WITT: Trash collection often thankless job
Published 7:23 am Tuesday, May 1, 2018
When was the last time you thanked your garbage collector for the job he’s doing? Never? Why?
Think about it.
Where would people be without these workers going about their daily chores, cleaning up the debris left by the lifestyle of today?
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Think about those scenes from the past in places like New York City, when sanitation workers went on strike and huge mounds of trash and garbage were left to accumulate on the sidewalks and in the streets, drawing flies, mosquitoes, cats, dogs, even rats.
The stink of rotting garbage must not have been a particularly pleasant aroma either.
The fellows who collect the garbage and trash generated here in Winchester and Clark County, whether they work for Winchester Municipal Utilities or for one of the various private haulers, do a thankless job. And they do it in all the extremes of weather that one could think of, rain, snow, sleet, the heat of summer, the chill of winter.
They perform a valuable service which is mostly forgotten, because they may come in the early hours of the morning, before many people are even up for the day or because they appear for such a short period of time and are gone on to the next house or business.
Most people give very little thought to what they throw away because discarding stuff is so convenient.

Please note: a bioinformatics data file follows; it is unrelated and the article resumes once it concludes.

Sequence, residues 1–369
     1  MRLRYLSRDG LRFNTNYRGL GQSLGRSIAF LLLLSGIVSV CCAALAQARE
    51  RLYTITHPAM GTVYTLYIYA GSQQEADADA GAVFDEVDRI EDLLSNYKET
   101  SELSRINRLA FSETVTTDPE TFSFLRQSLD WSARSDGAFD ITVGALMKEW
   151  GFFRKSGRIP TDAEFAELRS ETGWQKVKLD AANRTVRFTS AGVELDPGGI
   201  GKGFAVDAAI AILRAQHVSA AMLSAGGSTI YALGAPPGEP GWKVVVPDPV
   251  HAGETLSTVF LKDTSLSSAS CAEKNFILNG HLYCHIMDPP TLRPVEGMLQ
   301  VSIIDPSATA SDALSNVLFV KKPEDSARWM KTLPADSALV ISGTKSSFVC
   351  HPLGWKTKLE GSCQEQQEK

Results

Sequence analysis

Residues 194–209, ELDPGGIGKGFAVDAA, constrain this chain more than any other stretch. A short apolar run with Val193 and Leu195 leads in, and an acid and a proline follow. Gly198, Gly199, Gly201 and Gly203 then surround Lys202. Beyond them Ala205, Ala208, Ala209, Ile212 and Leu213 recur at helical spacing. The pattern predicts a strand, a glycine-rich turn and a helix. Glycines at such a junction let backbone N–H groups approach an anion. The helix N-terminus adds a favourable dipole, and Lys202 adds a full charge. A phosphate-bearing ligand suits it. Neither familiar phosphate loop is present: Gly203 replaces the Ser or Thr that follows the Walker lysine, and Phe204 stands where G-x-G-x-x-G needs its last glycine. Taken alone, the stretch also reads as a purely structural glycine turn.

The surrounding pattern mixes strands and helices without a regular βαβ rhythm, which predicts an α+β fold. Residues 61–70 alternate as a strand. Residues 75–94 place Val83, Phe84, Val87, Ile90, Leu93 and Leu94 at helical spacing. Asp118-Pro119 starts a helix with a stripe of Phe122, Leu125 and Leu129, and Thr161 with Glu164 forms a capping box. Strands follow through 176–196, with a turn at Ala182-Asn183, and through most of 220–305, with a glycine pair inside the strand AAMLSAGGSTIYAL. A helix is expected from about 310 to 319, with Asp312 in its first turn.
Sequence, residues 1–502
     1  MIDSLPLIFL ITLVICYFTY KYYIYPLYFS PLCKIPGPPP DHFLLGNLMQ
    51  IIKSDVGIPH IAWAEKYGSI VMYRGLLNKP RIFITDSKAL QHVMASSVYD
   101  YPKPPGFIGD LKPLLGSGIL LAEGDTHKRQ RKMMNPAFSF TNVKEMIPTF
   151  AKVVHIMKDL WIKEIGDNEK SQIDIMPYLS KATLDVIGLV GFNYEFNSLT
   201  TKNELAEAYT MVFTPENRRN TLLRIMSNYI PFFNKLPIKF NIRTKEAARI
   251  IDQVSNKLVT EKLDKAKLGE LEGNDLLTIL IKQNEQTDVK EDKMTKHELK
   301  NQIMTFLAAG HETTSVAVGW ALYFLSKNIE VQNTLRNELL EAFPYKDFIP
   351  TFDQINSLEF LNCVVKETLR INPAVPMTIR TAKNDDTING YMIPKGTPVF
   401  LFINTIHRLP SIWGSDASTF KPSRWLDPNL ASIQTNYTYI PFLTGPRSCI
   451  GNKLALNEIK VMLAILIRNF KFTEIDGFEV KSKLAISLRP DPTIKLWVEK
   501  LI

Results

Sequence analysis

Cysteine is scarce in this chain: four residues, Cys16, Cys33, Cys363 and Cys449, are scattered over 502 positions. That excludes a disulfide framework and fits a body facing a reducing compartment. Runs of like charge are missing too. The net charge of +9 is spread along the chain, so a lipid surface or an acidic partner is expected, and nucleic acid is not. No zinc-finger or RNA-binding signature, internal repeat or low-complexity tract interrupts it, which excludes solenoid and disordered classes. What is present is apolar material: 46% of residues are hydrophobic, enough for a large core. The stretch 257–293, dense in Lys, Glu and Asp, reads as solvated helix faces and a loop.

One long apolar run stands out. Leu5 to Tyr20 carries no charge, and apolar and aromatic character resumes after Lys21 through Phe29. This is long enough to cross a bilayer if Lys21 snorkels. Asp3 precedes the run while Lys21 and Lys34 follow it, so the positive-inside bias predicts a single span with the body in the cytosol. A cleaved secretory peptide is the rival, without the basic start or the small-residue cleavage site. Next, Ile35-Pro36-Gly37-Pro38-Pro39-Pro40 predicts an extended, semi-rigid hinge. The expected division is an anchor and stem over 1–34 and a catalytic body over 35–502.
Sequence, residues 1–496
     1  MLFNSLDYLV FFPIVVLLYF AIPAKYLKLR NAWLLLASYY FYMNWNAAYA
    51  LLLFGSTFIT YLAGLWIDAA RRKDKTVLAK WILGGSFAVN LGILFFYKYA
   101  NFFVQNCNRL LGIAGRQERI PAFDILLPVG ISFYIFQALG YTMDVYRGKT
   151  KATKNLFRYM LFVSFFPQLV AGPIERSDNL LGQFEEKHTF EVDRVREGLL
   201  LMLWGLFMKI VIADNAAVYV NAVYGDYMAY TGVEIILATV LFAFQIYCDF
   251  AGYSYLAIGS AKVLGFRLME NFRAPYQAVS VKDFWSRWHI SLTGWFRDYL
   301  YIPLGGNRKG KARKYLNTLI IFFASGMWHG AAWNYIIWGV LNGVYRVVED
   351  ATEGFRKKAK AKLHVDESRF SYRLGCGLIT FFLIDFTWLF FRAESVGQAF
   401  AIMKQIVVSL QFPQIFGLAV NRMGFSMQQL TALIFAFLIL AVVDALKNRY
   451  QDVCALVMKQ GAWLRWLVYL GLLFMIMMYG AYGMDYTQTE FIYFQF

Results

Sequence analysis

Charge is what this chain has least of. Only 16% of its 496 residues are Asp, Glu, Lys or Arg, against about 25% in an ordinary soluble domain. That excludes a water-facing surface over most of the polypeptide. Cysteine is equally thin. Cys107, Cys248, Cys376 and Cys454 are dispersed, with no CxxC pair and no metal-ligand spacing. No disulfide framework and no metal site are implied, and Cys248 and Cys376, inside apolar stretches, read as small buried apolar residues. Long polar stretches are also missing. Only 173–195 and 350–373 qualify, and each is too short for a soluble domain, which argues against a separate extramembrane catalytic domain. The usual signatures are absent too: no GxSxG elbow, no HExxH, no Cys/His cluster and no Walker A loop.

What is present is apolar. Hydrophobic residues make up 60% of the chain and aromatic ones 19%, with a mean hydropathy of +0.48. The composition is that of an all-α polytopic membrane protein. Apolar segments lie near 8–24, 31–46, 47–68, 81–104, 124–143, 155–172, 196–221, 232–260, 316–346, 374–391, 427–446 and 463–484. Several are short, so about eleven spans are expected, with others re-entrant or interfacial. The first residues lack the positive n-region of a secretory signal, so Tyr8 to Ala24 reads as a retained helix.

Put it out on the curb and before you know it, it has disappeared.
It’s not rare to see valuable items thrown out to be collected and disposed of, such as usable toys, bicycles or appliances. Of course, many of these items have ceased to work, but many get discarded simply because they have been replaced by a newer model.
Fortunately, in addition to the collection of trash, there are individuals who drive the neighborhoods on a regular basis and pick through curbside throwaways to pull out items which still have useful life and can be recycled or reused in their present form.
It is regrettable more people don’t take advantage of the recycling services available here. Saving and recycling metal and aluminum cans, plastic, newspapers, mixed paper and cardboard takes a tremendous load off the necessary disposal of those same items. While it requires some dedication to collect these recyclable items and deliver them to the recycling site, there is a sense of satisfaction in knowing a sizeable portion of what one normally throws away is being repurposed and taken out of the waste stream.
Here in Clark County, residents are blessed with occasional collection days during which other items not normally collected can be turned in to be disposed of in more desirable ways; items such as old paint, other chemicals, fluorescent lamps, etc.
But back to the gentlemen who daily collect our discards.
Everyone should take the time to ponder the valuable service they provide and the conditions under which they work.
There are many ways to thank them for what they do for all of us. The easiest way is to simply acknowledge them if you see them working. A friendly “Hi” or “Good morning” goes a long way.
And, during the Christmas season, perhaps a modest gift of a few dollars would be deeply appreciated. If everyone on their routes would give just a few dollars, it would obviously add up to a more substantial sum and make these fellows, who work awfully hard for modest pay, very appreciative.
Chuck Witt is a retired architect and a lifelong resident of Winchester. He can be reached at email@example.com.